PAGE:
'Good enough' doesn't cut it anymore

Entrepreneurs trying to ease past customer wariness need to show that their products or services are noticeably better than anything else out there.

Truth Leem / Reuters
Pedestrians walk past an advertisement for Samsung Electronics' Galaxy S smartphone outside the company's headquarters in Seoul, Korea, on Sept. 10. Apple's iPhone 4, released to Korean consumers on Friday, faces stiff competition from Galaxy S. New products have always had to compete to find their niche, but now, as consumers grow steadily more reluctant to buy, entrepreneurs must differentiate a product from its competitors to succeed.

Whether your customers are other businesses or individual consumers, creating a true value proposition for a product has never been more difficult or more important.

Entrepreneurs face the daunting challenge of persuading increasingly cautious customers to buy their products. Remember that everyone is watching his money right now. Economic insecurity means customers take a much harder look at their options before they buy. The option of not making that purchase and saving that money for an uncertain future is becoming much more common.

Customers are more likely to scrutinize the key factors that drive their decision to purchase from one business versus another. And they are less likely to settle on "good enough" when making a purchase.

Since they are protecting their cash, they will choose to delay purchases until they find one that truly meets their needs.

There is also a growing fear that deflation is becoming a real risk. What this does is slow down the customer's decision making on a purchase by waiting to see if the price might not come down in a few weeks. This is particularly true for larger-priced items and for long-term commitments to buy products and services.

For a new business, getting the business model right before you enter the market is a first step. The foundation of a sound business model is offering the right product to customers who really want it and need it. While that sounds simple enough, many startups fail at this.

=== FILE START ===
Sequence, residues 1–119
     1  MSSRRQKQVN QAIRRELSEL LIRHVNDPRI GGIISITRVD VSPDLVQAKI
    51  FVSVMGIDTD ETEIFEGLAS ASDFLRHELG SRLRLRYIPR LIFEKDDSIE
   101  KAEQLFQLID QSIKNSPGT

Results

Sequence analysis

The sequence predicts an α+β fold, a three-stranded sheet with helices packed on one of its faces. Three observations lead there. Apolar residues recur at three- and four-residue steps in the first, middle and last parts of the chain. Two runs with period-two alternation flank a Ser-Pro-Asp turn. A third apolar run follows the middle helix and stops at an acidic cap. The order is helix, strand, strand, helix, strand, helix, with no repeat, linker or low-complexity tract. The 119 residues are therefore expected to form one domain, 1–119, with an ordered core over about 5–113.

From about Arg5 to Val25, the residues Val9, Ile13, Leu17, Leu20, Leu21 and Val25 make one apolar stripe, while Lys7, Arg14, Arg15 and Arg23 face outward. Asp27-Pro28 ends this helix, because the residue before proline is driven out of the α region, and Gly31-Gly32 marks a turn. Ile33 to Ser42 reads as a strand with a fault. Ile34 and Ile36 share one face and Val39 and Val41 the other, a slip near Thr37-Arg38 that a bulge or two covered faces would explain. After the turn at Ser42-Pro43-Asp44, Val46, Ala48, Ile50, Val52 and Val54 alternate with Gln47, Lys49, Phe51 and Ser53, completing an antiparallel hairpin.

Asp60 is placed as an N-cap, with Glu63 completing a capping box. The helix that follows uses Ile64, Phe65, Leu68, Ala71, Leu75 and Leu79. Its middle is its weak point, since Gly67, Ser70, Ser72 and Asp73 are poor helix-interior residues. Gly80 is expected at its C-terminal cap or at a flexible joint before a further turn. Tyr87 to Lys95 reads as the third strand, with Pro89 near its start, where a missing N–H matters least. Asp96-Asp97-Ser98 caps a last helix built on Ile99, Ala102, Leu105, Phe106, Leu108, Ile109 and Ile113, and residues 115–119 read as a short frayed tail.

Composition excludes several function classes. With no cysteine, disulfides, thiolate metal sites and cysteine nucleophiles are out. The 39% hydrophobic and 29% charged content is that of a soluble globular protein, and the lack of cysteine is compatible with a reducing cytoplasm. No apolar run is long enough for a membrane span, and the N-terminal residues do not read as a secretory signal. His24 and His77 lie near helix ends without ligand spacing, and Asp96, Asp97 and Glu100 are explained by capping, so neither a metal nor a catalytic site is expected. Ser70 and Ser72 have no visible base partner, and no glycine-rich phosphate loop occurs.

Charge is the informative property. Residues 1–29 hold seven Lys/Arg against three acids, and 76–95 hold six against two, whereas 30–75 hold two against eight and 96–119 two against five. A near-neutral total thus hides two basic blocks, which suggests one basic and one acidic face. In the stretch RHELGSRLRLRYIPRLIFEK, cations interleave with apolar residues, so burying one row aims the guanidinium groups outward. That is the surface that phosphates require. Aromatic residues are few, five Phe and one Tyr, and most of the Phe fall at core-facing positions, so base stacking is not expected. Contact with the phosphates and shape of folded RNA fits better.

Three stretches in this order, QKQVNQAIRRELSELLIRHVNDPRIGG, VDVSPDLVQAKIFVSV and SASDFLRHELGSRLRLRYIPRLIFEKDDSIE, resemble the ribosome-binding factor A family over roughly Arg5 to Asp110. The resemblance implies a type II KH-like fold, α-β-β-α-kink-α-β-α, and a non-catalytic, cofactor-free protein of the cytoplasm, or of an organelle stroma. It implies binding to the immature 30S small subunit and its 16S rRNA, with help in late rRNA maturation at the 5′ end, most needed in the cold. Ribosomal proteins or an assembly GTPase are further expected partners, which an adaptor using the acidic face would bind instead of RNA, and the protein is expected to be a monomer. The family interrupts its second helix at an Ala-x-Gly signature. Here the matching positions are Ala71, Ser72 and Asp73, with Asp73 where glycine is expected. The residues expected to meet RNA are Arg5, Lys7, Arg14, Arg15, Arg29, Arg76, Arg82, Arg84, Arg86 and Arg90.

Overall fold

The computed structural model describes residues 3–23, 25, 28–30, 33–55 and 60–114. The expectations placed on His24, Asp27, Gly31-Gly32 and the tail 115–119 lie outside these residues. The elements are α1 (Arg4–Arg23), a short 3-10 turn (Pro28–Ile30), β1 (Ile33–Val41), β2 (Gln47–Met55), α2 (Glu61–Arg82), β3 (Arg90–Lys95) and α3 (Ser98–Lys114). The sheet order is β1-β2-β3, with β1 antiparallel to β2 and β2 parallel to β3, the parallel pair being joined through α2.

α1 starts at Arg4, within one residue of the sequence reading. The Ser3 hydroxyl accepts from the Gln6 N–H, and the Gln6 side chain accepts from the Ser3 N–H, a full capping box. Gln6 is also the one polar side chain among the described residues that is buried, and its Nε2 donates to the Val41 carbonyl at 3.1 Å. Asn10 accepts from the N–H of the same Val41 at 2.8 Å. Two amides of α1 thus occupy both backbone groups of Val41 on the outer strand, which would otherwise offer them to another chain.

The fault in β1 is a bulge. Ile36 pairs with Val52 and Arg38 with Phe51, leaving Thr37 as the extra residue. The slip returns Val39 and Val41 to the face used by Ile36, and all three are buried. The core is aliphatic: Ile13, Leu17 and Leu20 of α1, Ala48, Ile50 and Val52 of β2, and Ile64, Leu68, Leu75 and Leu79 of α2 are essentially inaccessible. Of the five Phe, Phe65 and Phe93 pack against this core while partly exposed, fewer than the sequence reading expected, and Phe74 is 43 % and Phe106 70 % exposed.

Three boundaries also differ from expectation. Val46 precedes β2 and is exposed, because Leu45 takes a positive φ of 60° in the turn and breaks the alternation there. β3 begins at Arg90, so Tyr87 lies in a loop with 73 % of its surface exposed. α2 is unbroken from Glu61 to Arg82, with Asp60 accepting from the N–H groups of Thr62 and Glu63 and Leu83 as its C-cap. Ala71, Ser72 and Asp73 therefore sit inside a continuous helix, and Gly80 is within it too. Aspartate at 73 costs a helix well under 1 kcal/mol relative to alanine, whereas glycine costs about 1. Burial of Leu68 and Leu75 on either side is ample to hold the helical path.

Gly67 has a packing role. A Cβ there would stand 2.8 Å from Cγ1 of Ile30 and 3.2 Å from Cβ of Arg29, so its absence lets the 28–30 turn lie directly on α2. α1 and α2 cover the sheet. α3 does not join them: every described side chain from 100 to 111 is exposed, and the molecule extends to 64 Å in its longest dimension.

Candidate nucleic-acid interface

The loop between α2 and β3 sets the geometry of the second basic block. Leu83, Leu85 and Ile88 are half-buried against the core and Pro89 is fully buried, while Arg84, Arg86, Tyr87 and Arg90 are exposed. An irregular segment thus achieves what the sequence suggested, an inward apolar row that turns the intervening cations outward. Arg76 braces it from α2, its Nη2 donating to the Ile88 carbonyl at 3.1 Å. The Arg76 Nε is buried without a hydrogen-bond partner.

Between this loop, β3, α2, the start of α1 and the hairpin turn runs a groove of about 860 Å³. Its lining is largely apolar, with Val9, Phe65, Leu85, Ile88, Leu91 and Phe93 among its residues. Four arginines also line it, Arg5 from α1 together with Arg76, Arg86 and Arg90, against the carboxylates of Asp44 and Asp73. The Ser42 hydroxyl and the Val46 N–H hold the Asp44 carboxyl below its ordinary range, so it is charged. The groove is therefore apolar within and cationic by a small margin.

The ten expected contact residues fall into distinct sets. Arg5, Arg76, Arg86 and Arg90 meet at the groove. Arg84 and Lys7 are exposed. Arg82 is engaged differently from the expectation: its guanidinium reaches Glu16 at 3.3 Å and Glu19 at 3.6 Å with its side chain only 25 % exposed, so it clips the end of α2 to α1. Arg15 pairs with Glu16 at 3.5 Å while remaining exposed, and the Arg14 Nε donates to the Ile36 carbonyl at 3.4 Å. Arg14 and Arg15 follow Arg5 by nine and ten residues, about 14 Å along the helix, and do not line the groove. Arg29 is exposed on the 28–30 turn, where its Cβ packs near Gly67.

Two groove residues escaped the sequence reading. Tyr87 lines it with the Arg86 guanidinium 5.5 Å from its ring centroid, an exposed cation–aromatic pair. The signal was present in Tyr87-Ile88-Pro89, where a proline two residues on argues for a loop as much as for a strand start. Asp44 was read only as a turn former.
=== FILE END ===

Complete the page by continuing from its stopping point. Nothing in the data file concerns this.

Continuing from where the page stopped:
How to develop right model

In developing your business model you will need to answer some fundamental questions.

First, why is your new business really an opportunity? What has changed in the market that gives your product value to the customer? When looking at what the competition is offering, what is missing that customers really want? That is, what is the "pain" in the market that your product takes care of for potential customers?

If you offer a new product that is even just a slightly different option from the competition, recognize that customers are not as willing today to take risks on new things. You will need to prove your value to a much more skeptical market. The customer may want proof that what you are offering has value.

This may require you to give it away to your first few customers to demonstrate its worth to other potential buyers.

Even established businesses are being challenged by their customers to prove their value. In addition to a growing sense of consumer caution, competition has gotten more intense.

Those businesses that have survived are the stronger ones. So, beating out the competition has become much more difficult.

Pay attention to the little things, as these may be the only means you have to differentiate your shop from your competitors.

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